During the nationwide COVID-19 lockdowns, many gyms were closed, but as things opened back up, people got back to working out at exercise facilities. In 2021, there were more than 409,000 reported injuries that occurred as a result of exercise or the use of exercise equipment. These figures represent an increase from nearly 378,000 in 2020.
For these reported injuries, people between the ages of 15 to 24 had the highest rate of injury, and men were twice as likely to be injured as females.
So what happens if you get injured at the gym? You may be asking, “Can I sue the gym for my injury?” It depends on the situation. Keep reading to learn more about your legal options if you were injured at your gym.
You May Be Able to Sue if These Factors Are Present
There are certain circumstances under which you may be able to sue your gym for an injury that occurred. The following factors come into play and must be present for a lawsuit against the gym to be possible.
1. How the injury occurred
Did the injury occur while using the exercise equipment? Did it happen when you slipped and fell on a wet floor in the locker room? The way that the injury occurred is very important because you likely signed a liability waiver when you got a membership at the gym. Certain situations may be covered, while others may not, so we’ll talk more about that later.
The way in which you came to be injured will be a big part in determining whether you have grounds to sue the gym for your injury. In a lawsuit, you have to prove negligence. For instance, let’s say there is a warning on the exercise machine about how to use and how not to use the equipment. If you ignored the warning and used the machine incorrectly and were injured as a direct result, then it’s unlikely that you will be able to prove negligence because they did warn you.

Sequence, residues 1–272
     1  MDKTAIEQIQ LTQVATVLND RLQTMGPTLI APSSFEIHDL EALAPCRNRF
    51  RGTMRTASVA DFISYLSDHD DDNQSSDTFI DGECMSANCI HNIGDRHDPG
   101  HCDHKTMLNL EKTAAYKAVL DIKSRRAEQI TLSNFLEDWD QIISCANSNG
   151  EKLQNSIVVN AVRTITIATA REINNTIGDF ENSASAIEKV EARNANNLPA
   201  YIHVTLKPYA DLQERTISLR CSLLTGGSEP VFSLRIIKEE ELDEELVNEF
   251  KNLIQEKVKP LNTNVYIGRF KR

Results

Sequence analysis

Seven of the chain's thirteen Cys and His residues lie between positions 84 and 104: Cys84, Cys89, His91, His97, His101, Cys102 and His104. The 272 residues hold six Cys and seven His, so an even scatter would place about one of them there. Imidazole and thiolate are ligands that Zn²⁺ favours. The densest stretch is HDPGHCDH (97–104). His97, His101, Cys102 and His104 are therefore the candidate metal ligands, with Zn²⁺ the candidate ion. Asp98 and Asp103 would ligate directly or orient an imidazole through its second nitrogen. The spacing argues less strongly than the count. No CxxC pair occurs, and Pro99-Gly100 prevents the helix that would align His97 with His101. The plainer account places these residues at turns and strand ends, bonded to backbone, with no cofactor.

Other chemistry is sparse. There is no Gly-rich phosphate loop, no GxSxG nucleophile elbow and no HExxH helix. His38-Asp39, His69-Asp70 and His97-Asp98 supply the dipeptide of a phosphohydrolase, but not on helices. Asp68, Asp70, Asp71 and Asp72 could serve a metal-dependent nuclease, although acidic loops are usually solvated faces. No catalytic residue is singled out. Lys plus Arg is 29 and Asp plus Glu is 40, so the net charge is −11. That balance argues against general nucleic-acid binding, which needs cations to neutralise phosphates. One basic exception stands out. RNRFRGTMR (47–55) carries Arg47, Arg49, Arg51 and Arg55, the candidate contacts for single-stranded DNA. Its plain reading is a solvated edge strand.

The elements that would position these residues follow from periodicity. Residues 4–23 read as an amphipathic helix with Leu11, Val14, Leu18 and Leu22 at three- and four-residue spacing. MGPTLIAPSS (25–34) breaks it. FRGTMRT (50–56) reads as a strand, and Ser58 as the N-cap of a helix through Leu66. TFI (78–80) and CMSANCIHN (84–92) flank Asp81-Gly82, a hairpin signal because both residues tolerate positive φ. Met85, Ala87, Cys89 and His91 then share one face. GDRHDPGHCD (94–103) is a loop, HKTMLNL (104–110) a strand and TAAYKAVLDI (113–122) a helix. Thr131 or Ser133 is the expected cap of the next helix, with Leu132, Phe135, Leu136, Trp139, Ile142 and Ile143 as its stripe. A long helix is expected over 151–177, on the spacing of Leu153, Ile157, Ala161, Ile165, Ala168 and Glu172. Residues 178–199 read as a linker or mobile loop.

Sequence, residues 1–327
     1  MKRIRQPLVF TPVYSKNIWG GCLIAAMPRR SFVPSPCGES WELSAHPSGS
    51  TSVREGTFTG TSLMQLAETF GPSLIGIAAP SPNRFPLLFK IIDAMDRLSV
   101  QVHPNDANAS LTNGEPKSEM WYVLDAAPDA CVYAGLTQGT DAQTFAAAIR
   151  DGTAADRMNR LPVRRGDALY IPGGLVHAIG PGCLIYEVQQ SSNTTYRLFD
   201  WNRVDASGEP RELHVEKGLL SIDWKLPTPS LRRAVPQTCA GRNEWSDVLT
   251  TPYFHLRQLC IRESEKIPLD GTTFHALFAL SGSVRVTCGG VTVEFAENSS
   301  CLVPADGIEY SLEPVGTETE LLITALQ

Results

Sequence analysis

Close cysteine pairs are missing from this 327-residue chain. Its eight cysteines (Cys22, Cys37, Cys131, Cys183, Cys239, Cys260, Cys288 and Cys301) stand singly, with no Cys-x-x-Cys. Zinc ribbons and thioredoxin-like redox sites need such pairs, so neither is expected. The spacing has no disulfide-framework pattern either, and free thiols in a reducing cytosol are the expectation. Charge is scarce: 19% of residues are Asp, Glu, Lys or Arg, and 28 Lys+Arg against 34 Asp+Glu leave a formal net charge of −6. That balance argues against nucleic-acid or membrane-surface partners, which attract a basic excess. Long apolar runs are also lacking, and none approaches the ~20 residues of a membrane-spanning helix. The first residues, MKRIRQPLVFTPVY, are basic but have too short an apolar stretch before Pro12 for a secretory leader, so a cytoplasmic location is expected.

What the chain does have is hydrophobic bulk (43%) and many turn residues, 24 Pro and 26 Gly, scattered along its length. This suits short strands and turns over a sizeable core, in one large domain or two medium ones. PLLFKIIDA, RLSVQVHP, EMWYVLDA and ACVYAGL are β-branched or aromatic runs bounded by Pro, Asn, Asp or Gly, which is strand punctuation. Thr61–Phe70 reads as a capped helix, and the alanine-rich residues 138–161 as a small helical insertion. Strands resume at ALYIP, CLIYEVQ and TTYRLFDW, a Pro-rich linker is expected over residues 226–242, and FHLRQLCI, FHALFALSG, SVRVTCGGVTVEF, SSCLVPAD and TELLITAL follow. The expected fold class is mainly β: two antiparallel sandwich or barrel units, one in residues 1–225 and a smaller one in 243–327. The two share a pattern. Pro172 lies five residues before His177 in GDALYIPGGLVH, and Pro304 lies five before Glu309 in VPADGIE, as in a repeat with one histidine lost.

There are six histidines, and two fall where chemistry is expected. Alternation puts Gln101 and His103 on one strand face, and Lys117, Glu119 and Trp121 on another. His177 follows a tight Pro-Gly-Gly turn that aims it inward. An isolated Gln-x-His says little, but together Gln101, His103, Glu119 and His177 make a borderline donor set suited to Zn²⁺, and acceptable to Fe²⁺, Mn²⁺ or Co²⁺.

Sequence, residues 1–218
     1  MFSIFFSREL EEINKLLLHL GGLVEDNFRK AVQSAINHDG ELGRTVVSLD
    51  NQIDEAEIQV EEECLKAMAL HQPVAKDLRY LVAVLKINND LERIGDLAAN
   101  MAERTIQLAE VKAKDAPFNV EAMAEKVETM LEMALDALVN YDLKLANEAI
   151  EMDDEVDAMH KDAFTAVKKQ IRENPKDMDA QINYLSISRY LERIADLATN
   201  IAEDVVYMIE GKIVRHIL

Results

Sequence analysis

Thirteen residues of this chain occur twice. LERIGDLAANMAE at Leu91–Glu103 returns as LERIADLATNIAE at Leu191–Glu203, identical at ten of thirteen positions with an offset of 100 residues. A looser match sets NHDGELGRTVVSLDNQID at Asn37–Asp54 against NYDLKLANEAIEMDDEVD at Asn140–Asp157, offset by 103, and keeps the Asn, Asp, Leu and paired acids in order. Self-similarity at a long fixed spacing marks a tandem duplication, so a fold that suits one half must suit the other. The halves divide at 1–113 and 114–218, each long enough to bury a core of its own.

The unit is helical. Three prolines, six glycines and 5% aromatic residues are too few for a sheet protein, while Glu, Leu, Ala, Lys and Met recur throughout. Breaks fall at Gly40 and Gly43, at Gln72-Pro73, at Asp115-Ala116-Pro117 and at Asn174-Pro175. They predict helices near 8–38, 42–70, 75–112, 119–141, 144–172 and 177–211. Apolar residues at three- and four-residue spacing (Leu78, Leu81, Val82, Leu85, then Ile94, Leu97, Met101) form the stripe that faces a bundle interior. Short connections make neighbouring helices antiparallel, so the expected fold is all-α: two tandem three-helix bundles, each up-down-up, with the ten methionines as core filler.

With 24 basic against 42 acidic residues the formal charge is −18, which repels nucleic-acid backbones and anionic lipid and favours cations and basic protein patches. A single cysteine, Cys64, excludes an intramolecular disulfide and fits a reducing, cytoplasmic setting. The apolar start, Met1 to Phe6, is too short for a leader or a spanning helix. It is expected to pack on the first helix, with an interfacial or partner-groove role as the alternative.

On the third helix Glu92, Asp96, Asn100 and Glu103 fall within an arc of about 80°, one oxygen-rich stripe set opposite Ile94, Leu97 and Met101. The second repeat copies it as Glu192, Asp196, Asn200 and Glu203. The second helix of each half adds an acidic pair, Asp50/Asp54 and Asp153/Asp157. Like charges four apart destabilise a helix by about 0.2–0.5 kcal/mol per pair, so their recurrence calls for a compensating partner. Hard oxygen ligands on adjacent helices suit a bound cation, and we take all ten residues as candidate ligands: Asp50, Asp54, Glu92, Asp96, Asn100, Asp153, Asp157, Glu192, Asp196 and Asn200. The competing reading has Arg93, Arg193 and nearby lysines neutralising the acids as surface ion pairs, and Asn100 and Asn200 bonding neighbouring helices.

However, if you used the machine and it malfunctioned, that may not be covered in their warnings or waivers, in which case, you may be able to prove their liability.
2. Express or implied safety assurances
Another factor is expressed or implied safety assurances. In a membership agreement, the gym will usually make some kind of assurance of safety.
A good example of this is if a person is harassing or threatening you at the gym, they may ask that person to leave to ensure your safety. If you were injured as a result of something they assured you they would protect you from, then you may be able to sue.
3. Language of the liability waiver
This is the most important factor. Most gyms will ask you to sign a waiver when you join, which usually makes broad statements in an attempt to free themselves from any liability for anything that could go wrong. When you sign it, you are agreeing and stating that you understand they are not liable. But the specific language that the gym uses in the waiver is what matters.
The waiver might say that the gym can’t be held liable for injuries that occur from improper equipment use or regular risks that come from exercise such as muscle or tendon damage. However, if you were injured because you slipped and fell on faulty flooring, or because a ceiling tile fell on you, and neither of these things were accompanied by a warning sign, then you may be able to sue.
Essentially, if the source of your injury was not mentioned or implied in the waiver, and you did not receive a warning of the risk, then you may be able to prove that the gym was negligent.
4. Third-party presence